Killer's handgun would have been illegal under new laws

A gunman who shot dead two women in their home would not have had access to the murder weapon under Australia's toughest gun laws, being debated in the WA parliament.

But those laws could still have allowed Mark James Bombara, 63, to have access to as many as five firearms as a recreational shooter and up to 10 if he was a farmer or gun club member.

Bombara killed Jennifer Petelczyc, 59, and her daughter, 18-year-old Gretl, at their Floreat home on Friday in an attack described as chilling and horrific.

He was reportedly searching for his wife when he went to the home and fatally shot them and then himself as police arrived at the property.

Bombara owned 11 guns under a recreational shooter's permit and two pistols under a collector's licence, one of which was used to kill Jennifer and Gretl.

Police Minister Paul Papalia said WA's proposed laws would be the toughest in the country; that they would have prevented Bombara from obtaining the collector's licence; and that he would have been limited to owning five weapons.

"This individual, sadly, was a fit and proper person, right up until the time he committed that act and he was a law-abiding firearms owner right up until he wasn't," he said on Monday.

"Under the current law that's what happens and that's why we want to make the laws tougher."

Bombara would also have been forced to undergo a health check with a mental health component.

The government will now consider further measures to strengthen the legislation, including giving police the power to seize weapons following family and domestic violence incidents.

Gun control expert Charles Watson said WA's proposed gun laws were extraordinary and advanced.

"In global terms, it'll be easily the best set of gun legislation in the world that's much better than the other states here - I think other states will be forced to look at what WA has done," Professor Watson told AAP.

Bombara was known to police because his ex-wife requested help moving out of their shared home in late March following a series of family and domestic violence-related incidents.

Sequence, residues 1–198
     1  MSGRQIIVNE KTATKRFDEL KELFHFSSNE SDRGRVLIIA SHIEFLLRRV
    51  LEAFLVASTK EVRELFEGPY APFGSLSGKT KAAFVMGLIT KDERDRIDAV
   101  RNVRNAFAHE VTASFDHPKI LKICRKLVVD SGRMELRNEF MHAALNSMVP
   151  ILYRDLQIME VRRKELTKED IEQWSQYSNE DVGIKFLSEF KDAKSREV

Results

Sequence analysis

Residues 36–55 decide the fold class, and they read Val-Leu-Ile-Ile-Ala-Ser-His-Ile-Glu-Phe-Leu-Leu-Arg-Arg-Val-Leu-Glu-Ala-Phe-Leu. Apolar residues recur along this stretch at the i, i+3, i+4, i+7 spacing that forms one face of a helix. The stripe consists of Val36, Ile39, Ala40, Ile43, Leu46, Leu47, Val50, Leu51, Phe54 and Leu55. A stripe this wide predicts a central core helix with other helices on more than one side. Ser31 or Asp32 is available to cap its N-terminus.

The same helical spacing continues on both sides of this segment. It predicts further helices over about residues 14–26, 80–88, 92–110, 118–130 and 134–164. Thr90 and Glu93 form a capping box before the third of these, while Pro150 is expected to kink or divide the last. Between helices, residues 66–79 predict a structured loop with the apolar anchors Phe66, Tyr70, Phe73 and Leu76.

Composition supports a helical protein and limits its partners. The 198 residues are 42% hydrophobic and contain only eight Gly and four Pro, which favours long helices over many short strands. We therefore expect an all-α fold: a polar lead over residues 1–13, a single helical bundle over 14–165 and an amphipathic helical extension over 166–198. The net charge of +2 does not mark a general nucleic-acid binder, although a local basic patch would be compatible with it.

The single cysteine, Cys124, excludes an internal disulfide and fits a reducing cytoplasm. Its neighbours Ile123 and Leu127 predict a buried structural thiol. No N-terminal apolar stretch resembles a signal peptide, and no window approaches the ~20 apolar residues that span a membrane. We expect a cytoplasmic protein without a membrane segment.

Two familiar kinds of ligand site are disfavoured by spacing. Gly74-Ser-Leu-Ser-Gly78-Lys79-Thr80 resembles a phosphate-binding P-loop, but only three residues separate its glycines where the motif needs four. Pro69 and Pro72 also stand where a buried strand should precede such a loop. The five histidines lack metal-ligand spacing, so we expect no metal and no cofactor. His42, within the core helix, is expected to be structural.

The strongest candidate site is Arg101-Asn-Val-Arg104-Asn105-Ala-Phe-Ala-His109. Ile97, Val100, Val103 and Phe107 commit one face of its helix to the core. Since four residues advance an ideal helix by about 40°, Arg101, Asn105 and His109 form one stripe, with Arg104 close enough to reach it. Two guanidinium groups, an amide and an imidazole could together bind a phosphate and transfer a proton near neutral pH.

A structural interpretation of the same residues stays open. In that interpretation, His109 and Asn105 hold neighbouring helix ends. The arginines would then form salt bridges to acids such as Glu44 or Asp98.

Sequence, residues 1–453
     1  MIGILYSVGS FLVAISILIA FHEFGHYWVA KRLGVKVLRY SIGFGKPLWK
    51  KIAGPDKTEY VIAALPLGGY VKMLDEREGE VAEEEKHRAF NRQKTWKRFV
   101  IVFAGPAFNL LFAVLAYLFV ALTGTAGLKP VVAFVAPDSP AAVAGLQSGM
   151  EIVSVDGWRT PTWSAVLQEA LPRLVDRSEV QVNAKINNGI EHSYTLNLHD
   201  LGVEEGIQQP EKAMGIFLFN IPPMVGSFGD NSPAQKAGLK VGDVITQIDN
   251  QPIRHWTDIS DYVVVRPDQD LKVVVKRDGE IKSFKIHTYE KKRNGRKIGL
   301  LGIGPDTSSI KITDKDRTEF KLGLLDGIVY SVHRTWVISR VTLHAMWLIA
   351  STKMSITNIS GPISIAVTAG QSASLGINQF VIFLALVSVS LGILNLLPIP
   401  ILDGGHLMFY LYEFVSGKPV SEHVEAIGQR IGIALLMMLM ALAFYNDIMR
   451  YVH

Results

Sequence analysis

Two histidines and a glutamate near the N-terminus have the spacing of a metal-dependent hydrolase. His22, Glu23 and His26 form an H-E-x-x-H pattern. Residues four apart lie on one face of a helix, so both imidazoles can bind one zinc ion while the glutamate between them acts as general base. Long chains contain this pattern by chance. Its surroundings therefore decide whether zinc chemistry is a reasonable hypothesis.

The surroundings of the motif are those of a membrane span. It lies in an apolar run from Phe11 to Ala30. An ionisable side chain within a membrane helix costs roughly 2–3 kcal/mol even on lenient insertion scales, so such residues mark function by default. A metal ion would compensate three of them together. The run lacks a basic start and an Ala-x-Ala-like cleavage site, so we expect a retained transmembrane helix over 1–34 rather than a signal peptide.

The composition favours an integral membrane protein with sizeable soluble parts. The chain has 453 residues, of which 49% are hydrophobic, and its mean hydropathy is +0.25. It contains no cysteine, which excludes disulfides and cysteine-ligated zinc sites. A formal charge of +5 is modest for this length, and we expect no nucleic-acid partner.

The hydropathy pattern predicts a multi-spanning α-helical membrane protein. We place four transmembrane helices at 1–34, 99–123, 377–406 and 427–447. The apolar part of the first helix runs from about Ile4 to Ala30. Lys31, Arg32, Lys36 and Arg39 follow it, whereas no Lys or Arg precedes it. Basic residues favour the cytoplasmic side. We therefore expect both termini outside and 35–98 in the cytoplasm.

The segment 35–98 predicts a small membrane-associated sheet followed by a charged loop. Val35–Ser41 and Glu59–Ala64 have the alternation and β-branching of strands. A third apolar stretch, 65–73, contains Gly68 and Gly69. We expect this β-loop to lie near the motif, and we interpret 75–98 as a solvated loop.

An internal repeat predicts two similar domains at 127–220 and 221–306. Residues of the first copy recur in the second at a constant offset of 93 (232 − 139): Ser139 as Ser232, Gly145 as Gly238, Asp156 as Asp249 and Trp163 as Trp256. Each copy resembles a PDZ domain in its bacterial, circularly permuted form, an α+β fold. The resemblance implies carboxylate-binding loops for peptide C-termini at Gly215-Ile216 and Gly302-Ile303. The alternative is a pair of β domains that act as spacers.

Premier Roger Cook said the chilling and sickening crime was motivated by domestic violence.

"Every Western Australian is still coming to terms with Friday's senseless act of violence," he said.

The University of Western Australia said Gretl was a dedicated student undertaking a Bachelor of Science and a talented member of the UWA Water Polo Club.

"We are deeply shocked and saddened at the loss of such a young life," UWA Vice-Chancellor Amit Chakma told staff and students on Monday.

The water polo club paid tribute to the mother and daughter, who had been involved with it since Gretl joined a junior program in 2014.

"Jenny was a great supporter of the club and her daughter Gretl," the club said.

The sentiments were echoed by Gretl's former school, St Hilda's Anglican School For Girls.

"The Petelczyc family were well respected within the school community," principal Fiona Johnston said.

Tributes for shooting victims in Perth.
Tributes are flowing for shooting victims Jennifer Petelczyc and her daughter Gretl. (Aaron Bunch/AAP PHOTOS)

Police were called to the home in Perth's affluent western suburbs about 4.30pm on Friday after reports of gunshots, arriving as the last shot was fired.

Officers rushed the younger victim to Royal Perth Hospital but she could not be saved.

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